The Natsarene and Hidden Gnosis – Pt. 6

Priests vs. Levites
We concluded the last section with an observation of Ellis Rivkin: “We must, therefore, conclude that the Aaronides come to power with the finalized Pentateuch and, as such, are their own creation” (IDB). The priestly Aaronides, centered in Jerusalem, are the post-exilic religious hegemonists who took authority away from the pre- and concurrently-existing (gnostic) Levites. By “their own creation,” Rivkin means that the Aaronides invented their own pedigree, invented their status as Levites (for Aaron was supposedly himself a Levite), and in this way they took over from the ancient and ʻtrueʼ Levites the rights to administer the Temple. Essentially, they arrogated to themselves the religion which became known as “Judaism.” With the rise of the Aaronides and the eclipse of the Levites, the old religion of Yahweh-gnosis became a religion of Yahweh worship. We recall that the First Temple of Solomon possessed an abzu—it was clearly a temple devoted to gnosis. But the Second Temple was emphatically devoted to the worship of Yahweh. In any case, archaeology has failed to find evidence of Solomon’s temple at all, showing that the language of Jewish scripture is largely metaphorical. David and Solomon themselves appear to have been mythical figures.

The brazen sea in Solomon's Temple

The brazen sea in the mythical
Temple of Solomon

This accounting of history will no doubt be unfamiliar to the reader, even strange. After all, we read in the Jewish scriptures how the Levites are consistently subordinated to the “priests” (Num 3:6; 8:19; 18:2), how they cannot carry out the most important duties of the Temple, how they are landless, and how their tithes (i.e., their very livelihood) are but a fraction of the tithes first given the priests (Num 18:24, 30). This change in Levitical fortunes reflects a remarkable about-face which occurred at an early stage in Judaism. However, unmistakable signs of the older religion survive in Jewish scripture, i.e., the Brazen Sea—a huge cauldron of water symbolizing gnosis (the Mesopotamian abzu) described in the Temple of Solomon (1 Kgs 7:23 f). This doubtless reflects the original pre-Aaronide religion of Israel—the religion of the Levites, “first born” to Yahweh (Num 3:12-13).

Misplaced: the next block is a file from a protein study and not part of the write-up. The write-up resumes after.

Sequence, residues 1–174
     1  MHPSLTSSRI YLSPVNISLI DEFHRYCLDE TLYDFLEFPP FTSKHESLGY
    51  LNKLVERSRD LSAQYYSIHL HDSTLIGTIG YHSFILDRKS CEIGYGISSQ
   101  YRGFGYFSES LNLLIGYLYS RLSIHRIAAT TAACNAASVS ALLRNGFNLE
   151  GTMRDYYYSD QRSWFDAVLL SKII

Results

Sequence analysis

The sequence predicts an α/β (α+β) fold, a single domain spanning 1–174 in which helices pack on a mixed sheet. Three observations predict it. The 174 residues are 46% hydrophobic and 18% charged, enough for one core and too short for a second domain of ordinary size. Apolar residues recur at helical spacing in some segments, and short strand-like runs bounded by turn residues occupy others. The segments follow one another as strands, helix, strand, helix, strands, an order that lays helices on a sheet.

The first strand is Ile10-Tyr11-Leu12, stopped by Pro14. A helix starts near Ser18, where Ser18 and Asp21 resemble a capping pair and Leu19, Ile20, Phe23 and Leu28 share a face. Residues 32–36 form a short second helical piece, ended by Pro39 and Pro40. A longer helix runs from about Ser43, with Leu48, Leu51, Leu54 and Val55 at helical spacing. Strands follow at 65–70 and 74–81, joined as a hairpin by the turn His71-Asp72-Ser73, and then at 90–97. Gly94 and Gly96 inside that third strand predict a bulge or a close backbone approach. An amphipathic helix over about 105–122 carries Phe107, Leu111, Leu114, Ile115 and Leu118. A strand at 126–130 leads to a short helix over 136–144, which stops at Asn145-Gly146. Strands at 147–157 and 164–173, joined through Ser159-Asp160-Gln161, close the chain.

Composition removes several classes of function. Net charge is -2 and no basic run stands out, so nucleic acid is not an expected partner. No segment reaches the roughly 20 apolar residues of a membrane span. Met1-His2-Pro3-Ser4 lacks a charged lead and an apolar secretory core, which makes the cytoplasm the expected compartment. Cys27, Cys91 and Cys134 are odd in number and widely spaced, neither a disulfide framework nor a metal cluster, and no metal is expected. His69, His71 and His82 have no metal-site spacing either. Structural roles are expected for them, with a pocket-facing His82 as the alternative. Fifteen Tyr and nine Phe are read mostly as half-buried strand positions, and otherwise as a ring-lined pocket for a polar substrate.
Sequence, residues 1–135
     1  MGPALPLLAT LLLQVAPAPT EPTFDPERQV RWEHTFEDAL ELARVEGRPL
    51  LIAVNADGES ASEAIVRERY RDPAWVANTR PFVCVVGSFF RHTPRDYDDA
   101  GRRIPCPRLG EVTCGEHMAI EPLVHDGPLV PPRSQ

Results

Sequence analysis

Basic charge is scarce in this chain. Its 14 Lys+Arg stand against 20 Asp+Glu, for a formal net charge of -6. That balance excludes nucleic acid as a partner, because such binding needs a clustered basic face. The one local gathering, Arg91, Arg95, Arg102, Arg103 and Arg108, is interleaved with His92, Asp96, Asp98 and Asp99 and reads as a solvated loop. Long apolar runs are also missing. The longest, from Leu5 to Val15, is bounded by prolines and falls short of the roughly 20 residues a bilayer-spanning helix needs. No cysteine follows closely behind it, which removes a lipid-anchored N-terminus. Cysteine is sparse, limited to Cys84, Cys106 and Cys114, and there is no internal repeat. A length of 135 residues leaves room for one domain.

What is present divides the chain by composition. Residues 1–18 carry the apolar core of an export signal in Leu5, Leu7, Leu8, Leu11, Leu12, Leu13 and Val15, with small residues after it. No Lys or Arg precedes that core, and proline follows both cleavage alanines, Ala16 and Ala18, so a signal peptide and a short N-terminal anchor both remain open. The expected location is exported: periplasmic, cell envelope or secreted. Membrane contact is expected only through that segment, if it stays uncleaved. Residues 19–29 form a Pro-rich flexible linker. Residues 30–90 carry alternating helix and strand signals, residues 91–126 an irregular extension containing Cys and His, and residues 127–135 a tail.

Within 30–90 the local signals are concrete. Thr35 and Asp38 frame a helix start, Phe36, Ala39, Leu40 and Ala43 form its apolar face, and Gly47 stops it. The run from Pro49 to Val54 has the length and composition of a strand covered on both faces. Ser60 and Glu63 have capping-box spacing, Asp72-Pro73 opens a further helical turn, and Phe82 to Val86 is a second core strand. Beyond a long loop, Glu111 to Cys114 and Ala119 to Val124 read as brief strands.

A prior post in this series describes how a Levite from Bethlehem goes northwards to Dan with accursed silver. This is an Aaronide story, at once pejorative of Bethlehem, of the Levites, and of Dan. The Aaronides could not exclude the non-Jerusalem based Levites from the cult—for Levi was one of the twelve sons of Jacob, and his descendants had already long been in the land carrying out priestly functions. But they could, and did, write a ‘new rule’ severely subordinating the Levites and excluding them from henceforth from approaching “to offer incense before Yahweh” (Num 16:40).
It would appear, from our inferences, that the non-Jerusalem Levites were indeed Hebrews, but gnostic-leaning Hebrews. We can also speculate that gnosticism became heretical with the ascendancy of a highly centralized priestly caste—the Aaronides—probably at first no more than a family. It would appear that the Aaronides conceived of their hegemony over the Israelite religion while in captivity in Babylon. It would have been there and then that they formulated the new recension of the Torah. The return to Jerusalem in the late sixth century was a religious re-conquest attended not only by the building of a new temple but also by new scriptures. Henceforth, the non-Jerusalem Levites were essentially outsiders to power. They constituted a vestige of the original Hebrew religion, of the religion of Moses, of North Arabia—and of Dan. (For more on these aspects see the tab above, “B.C.E. times”).